An Analysis of Antiasthmatic preparations available in Indian Market

 

Dr. Anitha Elango1, Dr. K. Punnagai2, Dr. Darling Chellathai3, Dr. Arul Amutha Elizebeth4

1Assistant Professor, Department of Pharmacology, Sree Balaji Medical College, Chromepet, Chennai.

2Professor, Sree Balaji Medical College, Chromepet, Chennai.

3HOD and Professor, Department of Pharmacology, Sri Ramachandra Medical College and Research Institute, Porur, Chennai-600116.

4HOD and Professor, Department of Pharmacology, Sree Balaji Medical College,Chromepet,Chennai.

*Corresponding Author E-mail: dr.anishan@gmail.com

 

ABSTRACT:

Objective: To analyse various anti-asthmatic preparations available in the Indian market and to study their cost effectiveness and rationality of drug preparations. Materials and methods: Various formulations which is used for asthma mentioned in Current Index of Medical Specialities (CIMS) (2018) were noted down. Their rationality and irrational combination of drug preparations were recorded as per Drug Controller General of India (DCGI) (2018). Moreover they are classified into number of ingredients present in each preparation, type of dosage forms, different pharmacological groups to which they belong and cost analysis of the anti-asthmatic preparations. Results: Among 598 preparations which has been analysed, 360 (60%) were fixed dose combinations (FDC). Out of 360 FDC, 250(42%) preparations were of irrational formulations. Preparations were categorised into different pharmacological groups like expectorants (18.73%), antihistamines (17.22%), beta 2 adrenergic agonists (50.17%), mucolytics (20.57%), cromones (1%), methylxanthines (16.38%), corticosteroids (24.08%), antileukotrienes (23.91%), anticholinergics (3.85%).187 preparations were inhalants and 10 of the preparations were nasal formulations. Solid formulations (244) are more when compared to other formulations and liquid oral formulations are costlier. Conclusion: Many of the drugs which was considered as irrational by DCGI is still available in Indian market and it is widely used by the people. This indicates the poor governance in the pharmaceutical sector. Through proper awareness and education to the pharmacist, physician and patient this problem could be solved. Moreover it also leads to the wasteful expenditure and effectiveness of the drug is also questionable.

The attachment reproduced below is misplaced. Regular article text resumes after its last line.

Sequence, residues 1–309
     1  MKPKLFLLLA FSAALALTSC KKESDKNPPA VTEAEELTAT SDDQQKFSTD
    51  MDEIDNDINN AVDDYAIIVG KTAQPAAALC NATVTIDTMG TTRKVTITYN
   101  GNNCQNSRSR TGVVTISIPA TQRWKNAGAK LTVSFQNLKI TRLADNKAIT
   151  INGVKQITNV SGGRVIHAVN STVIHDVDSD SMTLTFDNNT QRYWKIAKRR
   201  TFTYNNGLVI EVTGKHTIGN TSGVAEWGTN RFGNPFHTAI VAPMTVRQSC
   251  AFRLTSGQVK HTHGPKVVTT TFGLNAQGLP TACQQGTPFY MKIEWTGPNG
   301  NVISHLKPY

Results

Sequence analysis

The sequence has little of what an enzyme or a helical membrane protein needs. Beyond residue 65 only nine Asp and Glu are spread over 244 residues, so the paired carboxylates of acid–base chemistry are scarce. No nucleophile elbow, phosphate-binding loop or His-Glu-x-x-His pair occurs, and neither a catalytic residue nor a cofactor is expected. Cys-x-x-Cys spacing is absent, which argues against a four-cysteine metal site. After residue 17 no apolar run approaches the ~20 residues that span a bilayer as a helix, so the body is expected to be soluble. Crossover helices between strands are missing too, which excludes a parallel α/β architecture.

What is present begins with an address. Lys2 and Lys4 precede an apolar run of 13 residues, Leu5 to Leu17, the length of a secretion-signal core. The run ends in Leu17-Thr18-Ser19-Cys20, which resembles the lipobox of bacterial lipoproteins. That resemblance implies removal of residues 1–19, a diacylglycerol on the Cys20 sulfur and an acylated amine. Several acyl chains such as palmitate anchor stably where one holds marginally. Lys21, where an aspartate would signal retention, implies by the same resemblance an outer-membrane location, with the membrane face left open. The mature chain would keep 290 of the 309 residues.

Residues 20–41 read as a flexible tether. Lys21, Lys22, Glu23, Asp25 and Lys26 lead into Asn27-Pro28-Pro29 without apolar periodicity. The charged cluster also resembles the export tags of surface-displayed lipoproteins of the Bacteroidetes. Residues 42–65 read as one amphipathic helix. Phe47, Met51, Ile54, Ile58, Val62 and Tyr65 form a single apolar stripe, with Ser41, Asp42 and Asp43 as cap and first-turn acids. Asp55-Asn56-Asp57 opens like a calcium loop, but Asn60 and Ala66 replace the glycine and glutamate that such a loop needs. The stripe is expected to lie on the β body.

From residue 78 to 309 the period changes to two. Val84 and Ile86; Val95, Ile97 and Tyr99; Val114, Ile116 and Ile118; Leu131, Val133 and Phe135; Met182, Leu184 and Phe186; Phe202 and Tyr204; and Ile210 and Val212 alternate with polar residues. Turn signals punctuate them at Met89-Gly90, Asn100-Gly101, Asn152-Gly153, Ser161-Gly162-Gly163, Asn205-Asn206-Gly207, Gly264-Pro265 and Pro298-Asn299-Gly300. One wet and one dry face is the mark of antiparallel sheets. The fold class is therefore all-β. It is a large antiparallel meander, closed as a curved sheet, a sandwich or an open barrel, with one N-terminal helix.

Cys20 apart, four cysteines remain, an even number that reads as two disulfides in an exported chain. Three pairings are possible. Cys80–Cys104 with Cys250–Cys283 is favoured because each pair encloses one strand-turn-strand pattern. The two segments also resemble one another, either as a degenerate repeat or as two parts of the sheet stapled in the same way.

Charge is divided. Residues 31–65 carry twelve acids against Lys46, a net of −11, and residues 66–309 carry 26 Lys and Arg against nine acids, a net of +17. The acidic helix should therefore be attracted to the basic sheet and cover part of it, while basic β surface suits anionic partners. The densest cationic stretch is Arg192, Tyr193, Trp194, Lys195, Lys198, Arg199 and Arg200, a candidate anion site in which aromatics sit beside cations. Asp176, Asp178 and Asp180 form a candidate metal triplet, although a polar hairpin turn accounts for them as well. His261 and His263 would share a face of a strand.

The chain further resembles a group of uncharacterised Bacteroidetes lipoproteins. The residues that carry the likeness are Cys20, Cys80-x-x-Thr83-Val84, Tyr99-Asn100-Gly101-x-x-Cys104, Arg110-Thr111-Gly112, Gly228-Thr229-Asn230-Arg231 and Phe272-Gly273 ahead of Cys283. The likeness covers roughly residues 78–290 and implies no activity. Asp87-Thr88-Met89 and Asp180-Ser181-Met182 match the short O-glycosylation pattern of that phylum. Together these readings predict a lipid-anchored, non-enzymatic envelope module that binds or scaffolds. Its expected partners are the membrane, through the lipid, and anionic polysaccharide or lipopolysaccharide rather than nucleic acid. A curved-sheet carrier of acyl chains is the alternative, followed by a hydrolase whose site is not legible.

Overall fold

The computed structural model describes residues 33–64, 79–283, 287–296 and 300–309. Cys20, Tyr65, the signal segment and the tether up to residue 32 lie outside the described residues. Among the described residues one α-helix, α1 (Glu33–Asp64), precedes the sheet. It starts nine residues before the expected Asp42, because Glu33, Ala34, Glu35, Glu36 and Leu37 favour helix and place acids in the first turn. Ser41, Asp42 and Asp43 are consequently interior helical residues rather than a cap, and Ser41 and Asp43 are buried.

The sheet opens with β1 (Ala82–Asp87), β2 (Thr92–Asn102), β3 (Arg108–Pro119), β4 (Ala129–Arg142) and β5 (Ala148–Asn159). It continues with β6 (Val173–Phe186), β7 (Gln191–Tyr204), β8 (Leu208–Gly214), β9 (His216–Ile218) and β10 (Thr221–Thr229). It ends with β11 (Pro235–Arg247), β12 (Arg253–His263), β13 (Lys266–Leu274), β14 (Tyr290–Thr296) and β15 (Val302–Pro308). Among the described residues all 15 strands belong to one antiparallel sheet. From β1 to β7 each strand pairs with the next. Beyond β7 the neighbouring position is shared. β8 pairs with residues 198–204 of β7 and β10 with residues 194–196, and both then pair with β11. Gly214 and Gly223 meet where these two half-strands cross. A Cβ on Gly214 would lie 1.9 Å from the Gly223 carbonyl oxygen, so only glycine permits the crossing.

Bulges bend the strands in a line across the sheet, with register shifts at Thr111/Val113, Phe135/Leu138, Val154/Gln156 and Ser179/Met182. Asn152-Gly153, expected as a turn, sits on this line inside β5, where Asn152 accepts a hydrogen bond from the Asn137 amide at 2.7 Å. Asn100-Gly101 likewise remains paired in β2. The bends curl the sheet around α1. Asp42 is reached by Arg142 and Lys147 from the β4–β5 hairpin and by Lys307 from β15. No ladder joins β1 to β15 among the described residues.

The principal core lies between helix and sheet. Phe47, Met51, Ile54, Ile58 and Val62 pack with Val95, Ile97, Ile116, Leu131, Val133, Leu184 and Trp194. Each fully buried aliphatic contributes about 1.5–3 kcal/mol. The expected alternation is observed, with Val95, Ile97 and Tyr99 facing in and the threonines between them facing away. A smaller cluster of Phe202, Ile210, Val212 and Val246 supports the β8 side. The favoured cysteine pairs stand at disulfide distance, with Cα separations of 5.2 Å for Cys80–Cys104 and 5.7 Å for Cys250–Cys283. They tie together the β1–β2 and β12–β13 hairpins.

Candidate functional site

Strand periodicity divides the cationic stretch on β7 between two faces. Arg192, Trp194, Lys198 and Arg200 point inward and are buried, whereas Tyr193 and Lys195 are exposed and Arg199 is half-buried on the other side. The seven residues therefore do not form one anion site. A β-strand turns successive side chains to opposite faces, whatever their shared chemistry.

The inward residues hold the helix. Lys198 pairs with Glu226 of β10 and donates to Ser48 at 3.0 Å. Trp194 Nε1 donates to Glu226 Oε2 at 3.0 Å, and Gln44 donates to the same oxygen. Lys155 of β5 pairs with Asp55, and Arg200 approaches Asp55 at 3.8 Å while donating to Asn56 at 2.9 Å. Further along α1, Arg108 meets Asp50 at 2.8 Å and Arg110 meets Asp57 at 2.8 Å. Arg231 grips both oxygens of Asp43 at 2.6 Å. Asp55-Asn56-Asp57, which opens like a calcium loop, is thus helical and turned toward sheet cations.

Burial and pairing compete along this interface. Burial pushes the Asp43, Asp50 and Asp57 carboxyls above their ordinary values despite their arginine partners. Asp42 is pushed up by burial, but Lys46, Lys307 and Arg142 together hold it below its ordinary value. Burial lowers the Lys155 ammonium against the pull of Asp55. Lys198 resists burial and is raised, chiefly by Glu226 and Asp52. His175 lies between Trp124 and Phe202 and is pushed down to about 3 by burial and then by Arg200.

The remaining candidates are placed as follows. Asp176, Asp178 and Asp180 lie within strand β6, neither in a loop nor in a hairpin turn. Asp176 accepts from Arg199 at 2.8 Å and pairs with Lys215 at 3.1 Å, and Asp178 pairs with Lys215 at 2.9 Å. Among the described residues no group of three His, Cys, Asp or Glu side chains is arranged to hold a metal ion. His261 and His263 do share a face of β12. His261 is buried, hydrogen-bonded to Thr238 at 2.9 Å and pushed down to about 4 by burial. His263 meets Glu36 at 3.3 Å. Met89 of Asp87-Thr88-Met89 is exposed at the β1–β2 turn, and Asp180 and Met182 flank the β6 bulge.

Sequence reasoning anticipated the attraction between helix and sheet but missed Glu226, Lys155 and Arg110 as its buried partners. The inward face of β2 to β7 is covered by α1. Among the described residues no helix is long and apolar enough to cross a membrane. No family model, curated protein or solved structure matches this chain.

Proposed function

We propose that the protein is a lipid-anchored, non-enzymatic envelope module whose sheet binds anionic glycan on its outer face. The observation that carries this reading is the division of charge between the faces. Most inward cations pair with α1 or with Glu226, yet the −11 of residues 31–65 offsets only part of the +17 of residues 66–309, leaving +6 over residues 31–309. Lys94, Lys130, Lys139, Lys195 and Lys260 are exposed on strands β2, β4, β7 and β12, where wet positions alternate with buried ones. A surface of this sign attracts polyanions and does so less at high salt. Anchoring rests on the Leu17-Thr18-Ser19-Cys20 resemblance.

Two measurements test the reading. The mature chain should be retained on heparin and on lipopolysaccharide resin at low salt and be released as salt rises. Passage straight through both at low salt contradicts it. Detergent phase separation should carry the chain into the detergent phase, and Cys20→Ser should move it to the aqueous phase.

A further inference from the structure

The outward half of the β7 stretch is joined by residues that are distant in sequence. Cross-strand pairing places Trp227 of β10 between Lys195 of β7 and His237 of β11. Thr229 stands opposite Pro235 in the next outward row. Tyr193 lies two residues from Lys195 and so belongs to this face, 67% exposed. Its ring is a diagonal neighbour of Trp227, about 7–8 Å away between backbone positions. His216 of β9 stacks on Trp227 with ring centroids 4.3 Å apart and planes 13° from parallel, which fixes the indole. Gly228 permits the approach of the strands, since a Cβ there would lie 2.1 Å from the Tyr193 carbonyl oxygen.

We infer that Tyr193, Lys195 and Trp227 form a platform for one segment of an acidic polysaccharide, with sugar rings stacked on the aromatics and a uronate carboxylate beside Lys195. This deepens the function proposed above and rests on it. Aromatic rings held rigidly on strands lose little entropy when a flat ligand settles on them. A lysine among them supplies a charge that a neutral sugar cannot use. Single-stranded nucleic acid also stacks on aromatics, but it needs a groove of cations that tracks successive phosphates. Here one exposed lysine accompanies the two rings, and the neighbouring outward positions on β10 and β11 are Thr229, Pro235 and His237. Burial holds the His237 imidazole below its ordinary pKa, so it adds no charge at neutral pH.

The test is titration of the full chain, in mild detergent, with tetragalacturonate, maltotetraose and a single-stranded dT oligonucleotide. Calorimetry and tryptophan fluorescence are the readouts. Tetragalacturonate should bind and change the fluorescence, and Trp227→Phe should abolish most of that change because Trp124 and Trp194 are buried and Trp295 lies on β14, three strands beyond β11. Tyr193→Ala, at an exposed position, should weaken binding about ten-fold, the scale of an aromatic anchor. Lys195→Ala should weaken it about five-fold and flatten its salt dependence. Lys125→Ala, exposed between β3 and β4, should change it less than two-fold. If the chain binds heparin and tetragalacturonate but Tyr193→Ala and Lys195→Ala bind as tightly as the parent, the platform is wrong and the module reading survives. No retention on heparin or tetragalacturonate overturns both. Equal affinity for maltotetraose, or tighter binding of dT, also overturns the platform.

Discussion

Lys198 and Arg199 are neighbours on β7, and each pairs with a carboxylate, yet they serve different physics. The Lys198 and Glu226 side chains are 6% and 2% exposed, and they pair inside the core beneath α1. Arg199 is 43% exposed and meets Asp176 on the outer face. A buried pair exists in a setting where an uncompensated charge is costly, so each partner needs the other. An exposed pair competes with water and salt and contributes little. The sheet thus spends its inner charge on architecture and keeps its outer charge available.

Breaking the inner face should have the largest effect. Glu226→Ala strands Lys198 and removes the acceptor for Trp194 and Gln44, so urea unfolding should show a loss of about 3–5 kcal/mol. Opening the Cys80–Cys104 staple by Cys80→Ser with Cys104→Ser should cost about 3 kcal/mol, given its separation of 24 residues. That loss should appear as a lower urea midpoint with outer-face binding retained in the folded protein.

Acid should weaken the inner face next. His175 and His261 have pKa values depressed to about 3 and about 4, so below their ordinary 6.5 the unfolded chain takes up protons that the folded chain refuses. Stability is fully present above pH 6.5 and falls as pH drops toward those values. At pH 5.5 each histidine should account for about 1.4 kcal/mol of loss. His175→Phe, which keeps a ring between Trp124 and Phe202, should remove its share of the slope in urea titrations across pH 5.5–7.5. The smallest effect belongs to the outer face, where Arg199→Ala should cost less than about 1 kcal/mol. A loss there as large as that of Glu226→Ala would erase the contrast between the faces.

KEYWORDS: Anti-asthmatic medicines,cost evaluation,rationality analysis.

 

 


INTRODUCTION:

Various anti-asthmatic preparations are available in Indian market with ingredients ranging from single drug to Fixed Dose Combination (FDC).[1] Some of the FDC were banned by government of India (Drugs banned in India.[2] These FDCs were listed in drugs prohibited for manufacture and sale through gazette notifications under section 26A of drugs and cosmetic act 1940 by the ministry of health and family welfare.[3]

 

Due to this irrational formulations so many drug interactions related adverse effects has been noted in pharmacovigilance database.[4] In this study, we have analysed the anti-asthmatic preparations available in Indian market for their cost effectiveness and rationality.

 

MATERIALS AND METHODS:

Various formulations which are used for asthma mentioned in CIMS (2018) were noted down.Their rationality and irrational combination of drug preparations were recorded as per DCGI (2018).

 

They are classified into:

1)  Number of ingredients present in each preparation,

2)  Type of dosage forms,

3)  Different pharmacological groups to which they belong and

4)  Cost analysis of the anti-asthmatic preparations.[5]

 

It was tabulated in excel sheet as mentioned above and respective percentages were calculated. The pharmacological groups are classified as antitussives, expectorant, anti histamines, beta 2 adrenergic agonists, mucolytics, cromones, xanthine derivatives, corticosteroids, antileukotrienes, anticholinergics and miscellaneous.[5] Then finally bar diagram were made by comparing number of ingredients in each preparations and cost analysis of different types of formulations.

 

RESULTS AND DISCUSSION:

The number of ingredients present in each preparations was classified and was tabulated in percentages [Table:1] and was represented in graph [Figure:1].

 

Table: 1 Classification of number of ingredients present in each preparations (%) (n=598)

Number of ingredients

Total number of preparations (%)

1

238(39.79)

2

239(39.97)

3

63(10.54)

4

54(9.03)

5

0(0)

6

3(0.50)

>6

1(0.17)

Total

598(100)